Hard to Say “Uncle”

Dear Hard,

If your mother is insisting that he comes, and you feel that there is no other alternative, then accept that she will be in charge of him. She’s not going to have a good time if he’s not there, and she’s fine with being responsible for him if he is. This is what she wants, so agree with her and keep moving. It’ll be okay. Or, at the very least, it will be an interesting story.

Uh-oh, looks like he’s about to blow…

Dear Liz:

My fiance and I are trying to figure out what to do about kids at the wedding.  At first, we agreed that the wedding and reception would be adults only but then we learned that my sister is expecting (!) and is due about 4 months before our wedding. We obviously want the baby at the wedding and, thought about making an exception to our “no kids” rule to allow for the baby but we’re concerned about the number of our guests with children feeling a bit slighted.  So, our new thought is to allow children to attend the wedding and then provide on site child care (with kids activities, movies, and kid friendly food) for the adult reception. We’re getting married at a very casual spot which gives us free reign of the entire property so we have areas that we can use as a “kids care” area and have spoken with a few nannies who would be available & up to the task (there will probably be about 8 kids).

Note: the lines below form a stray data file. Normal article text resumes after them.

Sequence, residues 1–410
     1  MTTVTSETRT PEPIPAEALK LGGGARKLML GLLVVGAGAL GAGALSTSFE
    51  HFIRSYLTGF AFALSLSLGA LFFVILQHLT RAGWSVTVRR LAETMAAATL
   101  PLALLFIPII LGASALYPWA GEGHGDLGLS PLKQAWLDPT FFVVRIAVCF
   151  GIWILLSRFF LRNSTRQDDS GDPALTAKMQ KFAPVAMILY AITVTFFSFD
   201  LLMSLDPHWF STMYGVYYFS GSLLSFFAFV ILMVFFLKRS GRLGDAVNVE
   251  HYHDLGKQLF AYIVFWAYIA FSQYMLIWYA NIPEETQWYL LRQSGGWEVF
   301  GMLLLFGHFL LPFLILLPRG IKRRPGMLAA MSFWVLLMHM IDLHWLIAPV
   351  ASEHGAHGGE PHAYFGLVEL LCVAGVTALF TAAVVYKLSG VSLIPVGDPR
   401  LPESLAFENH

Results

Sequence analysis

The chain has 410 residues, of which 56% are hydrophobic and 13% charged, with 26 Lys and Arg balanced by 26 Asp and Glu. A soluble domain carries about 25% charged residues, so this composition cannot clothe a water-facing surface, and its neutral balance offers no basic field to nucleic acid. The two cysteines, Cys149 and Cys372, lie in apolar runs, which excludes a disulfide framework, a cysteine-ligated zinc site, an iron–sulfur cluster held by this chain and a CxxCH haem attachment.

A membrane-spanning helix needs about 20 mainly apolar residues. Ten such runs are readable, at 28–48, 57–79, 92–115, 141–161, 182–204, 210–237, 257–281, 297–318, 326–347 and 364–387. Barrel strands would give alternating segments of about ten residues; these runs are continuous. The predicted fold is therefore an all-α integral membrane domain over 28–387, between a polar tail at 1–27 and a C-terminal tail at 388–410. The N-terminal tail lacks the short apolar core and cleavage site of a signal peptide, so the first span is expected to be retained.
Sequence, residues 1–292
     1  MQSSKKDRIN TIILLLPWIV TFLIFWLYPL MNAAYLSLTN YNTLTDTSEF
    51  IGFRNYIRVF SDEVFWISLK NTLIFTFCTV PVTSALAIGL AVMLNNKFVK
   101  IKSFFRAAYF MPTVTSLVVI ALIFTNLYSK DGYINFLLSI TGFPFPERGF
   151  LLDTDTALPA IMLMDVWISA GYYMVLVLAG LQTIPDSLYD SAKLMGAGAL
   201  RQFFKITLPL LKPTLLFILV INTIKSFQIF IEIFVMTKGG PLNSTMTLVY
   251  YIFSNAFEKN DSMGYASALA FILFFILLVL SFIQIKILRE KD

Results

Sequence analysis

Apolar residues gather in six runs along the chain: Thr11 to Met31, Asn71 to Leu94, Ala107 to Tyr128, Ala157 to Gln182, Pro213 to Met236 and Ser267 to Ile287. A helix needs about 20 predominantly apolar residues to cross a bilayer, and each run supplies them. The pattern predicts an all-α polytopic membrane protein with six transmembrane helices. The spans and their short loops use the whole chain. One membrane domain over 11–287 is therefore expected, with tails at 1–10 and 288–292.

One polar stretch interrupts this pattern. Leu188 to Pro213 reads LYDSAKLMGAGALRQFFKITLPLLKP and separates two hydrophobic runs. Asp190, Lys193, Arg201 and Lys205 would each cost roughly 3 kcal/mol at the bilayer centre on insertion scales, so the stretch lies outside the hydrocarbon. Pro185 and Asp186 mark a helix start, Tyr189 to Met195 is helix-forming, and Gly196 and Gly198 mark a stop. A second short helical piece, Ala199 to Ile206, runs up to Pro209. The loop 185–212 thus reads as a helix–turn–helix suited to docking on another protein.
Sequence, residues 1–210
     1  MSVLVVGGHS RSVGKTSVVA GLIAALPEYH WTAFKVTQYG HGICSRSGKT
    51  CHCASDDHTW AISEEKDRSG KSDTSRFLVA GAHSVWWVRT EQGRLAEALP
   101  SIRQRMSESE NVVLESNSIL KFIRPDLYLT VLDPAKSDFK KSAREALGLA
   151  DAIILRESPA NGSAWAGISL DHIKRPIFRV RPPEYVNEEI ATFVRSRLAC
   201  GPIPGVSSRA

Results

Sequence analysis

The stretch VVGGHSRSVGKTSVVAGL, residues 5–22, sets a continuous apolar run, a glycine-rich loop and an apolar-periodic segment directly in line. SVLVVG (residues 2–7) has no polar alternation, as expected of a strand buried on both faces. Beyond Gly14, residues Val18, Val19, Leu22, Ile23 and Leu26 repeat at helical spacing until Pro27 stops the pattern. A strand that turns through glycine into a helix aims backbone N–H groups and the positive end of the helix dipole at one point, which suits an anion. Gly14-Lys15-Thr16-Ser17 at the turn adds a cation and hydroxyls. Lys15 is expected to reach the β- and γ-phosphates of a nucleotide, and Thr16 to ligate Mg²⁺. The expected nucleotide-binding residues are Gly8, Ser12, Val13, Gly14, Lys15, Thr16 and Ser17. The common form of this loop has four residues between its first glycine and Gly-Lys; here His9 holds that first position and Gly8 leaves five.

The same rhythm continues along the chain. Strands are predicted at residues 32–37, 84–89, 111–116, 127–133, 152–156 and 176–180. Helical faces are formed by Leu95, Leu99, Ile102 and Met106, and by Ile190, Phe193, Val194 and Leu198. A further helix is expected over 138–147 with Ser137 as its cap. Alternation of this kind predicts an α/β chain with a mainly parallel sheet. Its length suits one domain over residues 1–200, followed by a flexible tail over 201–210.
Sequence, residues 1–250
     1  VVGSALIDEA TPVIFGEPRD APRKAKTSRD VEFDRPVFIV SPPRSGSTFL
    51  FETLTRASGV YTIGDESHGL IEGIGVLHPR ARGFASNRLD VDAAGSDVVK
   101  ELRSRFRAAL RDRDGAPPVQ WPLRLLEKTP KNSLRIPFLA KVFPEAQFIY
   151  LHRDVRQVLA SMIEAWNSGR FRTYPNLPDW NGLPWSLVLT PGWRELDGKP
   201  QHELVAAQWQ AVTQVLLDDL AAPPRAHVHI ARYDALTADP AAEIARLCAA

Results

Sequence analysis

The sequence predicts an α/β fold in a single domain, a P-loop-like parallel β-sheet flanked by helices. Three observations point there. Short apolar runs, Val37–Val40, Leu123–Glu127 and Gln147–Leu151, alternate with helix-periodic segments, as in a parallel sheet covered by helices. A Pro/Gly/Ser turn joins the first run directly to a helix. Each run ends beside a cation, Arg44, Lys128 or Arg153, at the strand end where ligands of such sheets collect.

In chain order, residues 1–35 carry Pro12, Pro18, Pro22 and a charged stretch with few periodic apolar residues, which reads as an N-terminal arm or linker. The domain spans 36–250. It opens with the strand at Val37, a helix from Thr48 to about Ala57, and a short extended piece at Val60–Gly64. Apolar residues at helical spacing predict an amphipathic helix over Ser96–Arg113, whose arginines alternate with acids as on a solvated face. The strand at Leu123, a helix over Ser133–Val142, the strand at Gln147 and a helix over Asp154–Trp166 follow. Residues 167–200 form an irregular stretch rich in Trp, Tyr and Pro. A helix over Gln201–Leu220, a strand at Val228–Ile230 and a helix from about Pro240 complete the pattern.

My questions are more about logistics – first, is it OK if we let the kids come to cocktail hour and then go to the babysitters for the reception? My fiance likes this option (because our cocktail hour has lawn games and other fun things) but I’m concerned that the kids, once seeing the party, will be hard to get to leave the party and I’d like to avoid crying/tantrums. What do you see typically being done? Second, I’m having nightmares that a child will cry (or somehow be distracting) during our vows and that the parent won’t take them away from the ceremony.  Is this something I should not worry about – have you noticed that parents tend to take their crier outside or should I somehow politely remind people to take their child away if they begin to cry (if the latter – how to do that politely??).  Lastly, I’m concerned one couple won’t bring their child (who will be 8, so no where near “adult” in my mind) to the babysitter because they’ve flat out ignored “adult only” reception requests for other weddings.  How do we get everyone to use the service?